By Devon Mason
Read more from Devon on her blog, Devon Meets World.
Solo travel might seem awkward and scary at first, but it can also be rewarding in a number of ways. First, there are the obvious perks: solo travel allows you to become more comfortable in your own head space, and being able to tune into your inner dialogue is one of the best ways to learn about yourself.
But solo travel doesn’t have to be just about you. It can also be a chance to contribute to a community, and as an added benefit, you may find your life richer for it. One of the best ways to make a community connection is to volunteer while traveling, and while the idea may sound intimidating, I recently discovered how easy it is to pull off once you’ve identified a volunteer opportunity that matches your passion.
My personal passion is storytelling through travel. I love meeting people from all corners of the world and hearing about their lives. I always find myself wanting to interview travelers and discover what life lessons travel has taught them. This led me to seek out travel conferences, where travelers from all over the world come together to collaborate on common goals. When I stumbled upon the Women in Travel Summit (WITS), which aims to strengthen women’s voices in the travel sphere and build solidarity, I knew I’d found the right fit.
As I signed up to attend the most recent WITS conference in Québec, I noticed there was also a volunteer application form, and even though I’d never combined solo travel and volunteering before, I found myself lingering on the application. Admittedly, I was a bit hesitant to sign up for a volunteer position at first. I love having flexibility and freedom when I travel, and I always strive to make each day my own. Would I be giving my independence up by dedicating my trip to a cause? I put my doubts aside and sent in my application, and to my surprise, I was chosen as an official volunteer within days.
For me, volunteering at a travel conference meant that I could meet storytellers from around the world. I worked the registration desk at WITS and handed out badges to hundreds of attendees, each with unique backgrounds and stories to unpack. I got the opportunity to engage with and ask questions of people whom I would not have met on my own.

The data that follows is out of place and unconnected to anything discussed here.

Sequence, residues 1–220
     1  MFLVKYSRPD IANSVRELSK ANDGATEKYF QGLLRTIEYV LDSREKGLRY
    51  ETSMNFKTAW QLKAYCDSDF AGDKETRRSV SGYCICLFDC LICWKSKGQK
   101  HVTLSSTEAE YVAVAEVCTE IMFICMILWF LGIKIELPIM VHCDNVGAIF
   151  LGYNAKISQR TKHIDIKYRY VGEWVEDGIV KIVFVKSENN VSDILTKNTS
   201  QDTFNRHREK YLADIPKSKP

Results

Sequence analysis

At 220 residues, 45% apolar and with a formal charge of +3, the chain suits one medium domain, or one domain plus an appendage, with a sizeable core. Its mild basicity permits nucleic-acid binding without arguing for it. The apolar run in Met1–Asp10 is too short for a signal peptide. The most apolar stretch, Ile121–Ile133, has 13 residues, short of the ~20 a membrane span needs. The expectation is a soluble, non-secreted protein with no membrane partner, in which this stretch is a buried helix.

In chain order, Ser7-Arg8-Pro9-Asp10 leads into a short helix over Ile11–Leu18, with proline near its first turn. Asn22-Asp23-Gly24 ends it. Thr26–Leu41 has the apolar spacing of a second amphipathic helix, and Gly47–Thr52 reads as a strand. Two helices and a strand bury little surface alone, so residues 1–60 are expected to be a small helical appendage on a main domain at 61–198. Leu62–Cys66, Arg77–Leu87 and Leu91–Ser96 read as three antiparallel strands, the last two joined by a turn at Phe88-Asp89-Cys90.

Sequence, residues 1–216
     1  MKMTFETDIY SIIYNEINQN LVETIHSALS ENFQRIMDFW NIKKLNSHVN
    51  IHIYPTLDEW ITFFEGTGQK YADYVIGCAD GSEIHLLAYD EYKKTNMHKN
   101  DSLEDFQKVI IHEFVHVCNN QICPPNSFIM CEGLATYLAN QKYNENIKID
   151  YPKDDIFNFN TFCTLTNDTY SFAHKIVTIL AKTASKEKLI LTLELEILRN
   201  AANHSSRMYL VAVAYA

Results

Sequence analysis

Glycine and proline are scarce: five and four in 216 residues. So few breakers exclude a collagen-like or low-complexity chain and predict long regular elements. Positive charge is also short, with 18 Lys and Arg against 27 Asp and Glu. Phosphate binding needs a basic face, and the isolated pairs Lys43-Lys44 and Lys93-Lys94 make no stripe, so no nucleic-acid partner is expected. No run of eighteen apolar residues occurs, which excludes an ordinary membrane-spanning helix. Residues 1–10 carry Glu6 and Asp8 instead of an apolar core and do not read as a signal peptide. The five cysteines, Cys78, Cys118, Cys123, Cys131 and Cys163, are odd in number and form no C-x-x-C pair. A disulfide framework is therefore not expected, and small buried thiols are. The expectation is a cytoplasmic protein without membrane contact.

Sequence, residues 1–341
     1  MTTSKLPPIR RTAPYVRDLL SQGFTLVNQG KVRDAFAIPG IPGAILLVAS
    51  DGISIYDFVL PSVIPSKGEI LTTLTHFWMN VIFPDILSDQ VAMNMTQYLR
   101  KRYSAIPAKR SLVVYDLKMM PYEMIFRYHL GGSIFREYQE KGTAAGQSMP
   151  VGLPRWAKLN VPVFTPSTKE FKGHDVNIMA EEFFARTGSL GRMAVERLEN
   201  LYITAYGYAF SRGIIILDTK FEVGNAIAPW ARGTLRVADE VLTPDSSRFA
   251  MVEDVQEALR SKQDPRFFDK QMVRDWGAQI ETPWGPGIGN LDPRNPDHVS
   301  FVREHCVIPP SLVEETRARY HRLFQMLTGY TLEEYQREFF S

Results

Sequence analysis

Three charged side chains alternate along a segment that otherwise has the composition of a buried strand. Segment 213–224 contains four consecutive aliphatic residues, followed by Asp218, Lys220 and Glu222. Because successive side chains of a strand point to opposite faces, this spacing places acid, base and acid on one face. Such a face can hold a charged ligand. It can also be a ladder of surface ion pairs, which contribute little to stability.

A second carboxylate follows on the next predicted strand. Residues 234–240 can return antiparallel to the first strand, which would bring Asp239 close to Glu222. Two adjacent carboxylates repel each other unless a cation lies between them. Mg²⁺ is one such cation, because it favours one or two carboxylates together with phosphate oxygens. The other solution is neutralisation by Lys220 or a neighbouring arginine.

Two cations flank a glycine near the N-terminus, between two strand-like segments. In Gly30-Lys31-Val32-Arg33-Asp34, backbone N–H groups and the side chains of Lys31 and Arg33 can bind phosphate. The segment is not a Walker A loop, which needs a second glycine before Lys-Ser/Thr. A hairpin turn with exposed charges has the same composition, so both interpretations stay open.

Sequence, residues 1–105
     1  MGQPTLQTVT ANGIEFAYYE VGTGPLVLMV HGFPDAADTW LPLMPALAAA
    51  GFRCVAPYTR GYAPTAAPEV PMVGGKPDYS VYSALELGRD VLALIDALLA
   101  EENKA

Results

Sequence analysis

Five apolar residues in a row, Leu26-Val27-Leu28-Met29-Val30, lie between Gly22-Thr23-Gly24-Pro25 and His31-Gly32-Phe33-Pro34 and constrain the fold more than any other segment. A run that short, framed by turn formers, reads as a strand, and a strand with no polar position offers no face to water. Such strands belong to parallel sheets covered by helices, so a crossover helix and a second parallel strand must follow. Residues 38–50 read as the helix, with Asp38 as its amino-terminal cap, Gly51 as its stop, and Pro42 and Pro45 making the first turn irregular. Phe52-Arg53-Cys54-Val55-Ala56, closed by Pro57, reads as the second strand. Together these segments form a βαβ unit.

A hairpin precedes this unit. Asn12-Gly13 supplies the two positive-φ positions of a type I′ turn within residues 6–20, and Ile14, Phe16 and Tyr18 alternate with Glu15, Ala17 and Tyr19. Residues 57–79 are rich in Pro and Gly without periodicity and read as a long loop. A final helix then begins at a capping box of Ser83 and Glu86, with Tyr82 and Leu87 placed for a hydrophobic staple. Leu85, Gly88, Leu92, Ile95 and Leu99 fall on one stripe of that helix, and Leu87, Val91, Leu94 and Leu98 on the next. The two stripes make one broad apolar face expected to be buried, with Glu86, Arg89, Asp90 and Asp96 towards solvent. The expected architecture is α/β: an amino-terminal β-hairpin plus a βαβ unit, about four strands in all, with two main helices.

I worked with a local Québécoise woman who offered to help me with my French over lunch. I met one of the organizers of the event, who happened to have lived in my childhood neighborhood. I even had the chance to publicly speak by introducing a panel of travel influencers to an entire ballroom full of fellow bloggers. Being in a room full of talented bloggers made me realize I wanted to become a travel blogger myself, and I couldn’t have gotten to that realization without their inspirational energy and encouragement. Not only did volunteering lead me to this event that guided me to what should come next in my life, but it introduced me to the people who could help me get there.
Setting up a rewarding volunteer element for your own solo trip is easier than you might think.
First, seek out your passion. What do you want to become more involved in? What do you want to learn? If you dig deep enough, there is almost always a way to volunteer that aligns with your interests. Are you a cinephile? Try volunteering at a film festival that highlights documentaries with messages you care about. Want to improve your Spanish? Volunteer to teach school children in South America with a non-profit of your choice. Or maybe you just want to make international friends. Volunteering at hostels in the U.S. or abroad, introducing international guests to your hometown and making them feel welcome, can give you that experience. There are countless ways to give back to a community as you experience its local culture, and volunteering sometimes unravels more local charm than if you had traveled under traditional circumstances.
As I learned on my trip to WITS in Québec, combining volunteering with solo travel was the best decision I could have made. I had moments where I ventured off with my own whimsical agenda, but I also found myself eagerly walking to my volunteer station to give back to a community that I loved. I arrived in Québec a bit apprehensive of how my experience would unfold, but left knowing I had contributed to and enriched a community that I was now a part of.
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How Allie Traveled and Volunteered in Kathmandu With a HI USA Scholarship
Allie is a 2017 winner of HI USA’s Explore the World Scholarship from San Francisco. Allie used her scholarship money to travel to Nepal, where she volunteered with the Children’s Art Museum of Nepal. This is her story.